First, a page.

Why are firms moving out of Hong Kong and China?
There are geopolitical hurdles in Hong Kong and China that can make it hard for international law firms to operate.
In August, Dentons separated from its Chinese partner, Dacheng, after eight years together. This move came after China introduced stricter data privacy and cybersecurity regulations.
Last year, Addleshaw Goddard closed its Hong Kong offices due to a “unique set of challenges” it faced there – probably the strict Covid restrictions (which included travel bans, quarantine periods and office closures). But the firm did keep its office in Singapore.
So, how’s Singapore any different?
✌️ Political stability: Compared to Hong Kong, Singapore is more politically stable. Hong Kong is divided politically between the pro-democracy group and those that support closer ties with mainland China.
🔄 Openness: China and Hong Kong have both had stricter Covid restrictions over the last few years. This makes it more difficult and uncertain to do business there.
⚙️ Regulatory framework: Chinese President Xi Jinping’s regulatory crackdown on the tech sector has slowed down dealmaking in the region. In 2023, Chinese deal activity in the US fell to its lowest level in 17 years.
Why do law firms care?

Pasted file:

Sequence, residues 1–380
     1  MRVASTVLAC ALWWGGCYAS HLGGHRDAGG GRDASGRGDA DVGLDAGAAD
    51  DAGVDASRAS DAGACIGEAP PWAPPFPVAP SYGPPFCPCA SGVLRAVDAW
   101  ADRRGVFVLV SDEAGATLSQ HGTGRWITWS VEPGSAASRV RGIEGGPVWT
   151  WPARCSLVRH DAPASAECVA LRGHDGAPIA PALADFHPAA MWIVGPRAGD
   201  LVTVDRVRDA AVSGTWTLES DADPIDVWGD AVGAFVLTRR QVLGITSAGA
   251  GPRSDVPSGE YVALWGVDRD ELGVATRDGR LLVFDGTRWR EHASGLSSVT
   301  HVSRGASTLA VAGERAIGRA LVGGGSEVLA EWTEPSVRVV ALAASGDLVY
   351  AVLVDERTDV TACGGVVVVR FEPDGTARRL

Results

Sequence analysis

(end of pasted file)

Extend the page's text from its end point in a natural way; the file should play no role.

Law firms (like their clients) are dealing with an ever-changing world and geopolitical changes have real impact. That’s why China’s becoming harder to operate in.
We’ve also seen this with Russia. A lot of global firms operated there. But weeks after Russia’s invasion of Ukraine, it became a risk to have an international law firm operating in Moscow, so firms left.
As a global firm, they’ll want to help clients in the markets where their clients operate – that’s why firms open new offices in different spots around the world, like Singapore.
Opening an office in Singapore isn’t without its own problems, though. Startup costs are high there (you need to apply to open an office) and there are restrictions on who can advise on local Singaporean law (for things like regulatory work or private wealth, you might need to get advice from a Singaporean law firm).
But, right now, as the environment in China gets more politically challenging, law firms seem to have picked Singapore as the new Asian powerhouse.
TOGETHER WITH SHARES* 🤝 (Capital at risk)
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A BIT OF FUN 😄
Next time you're feeling imposter syndrome, think: ‘what would Brian do?’
IN OTHER NEWS 🗞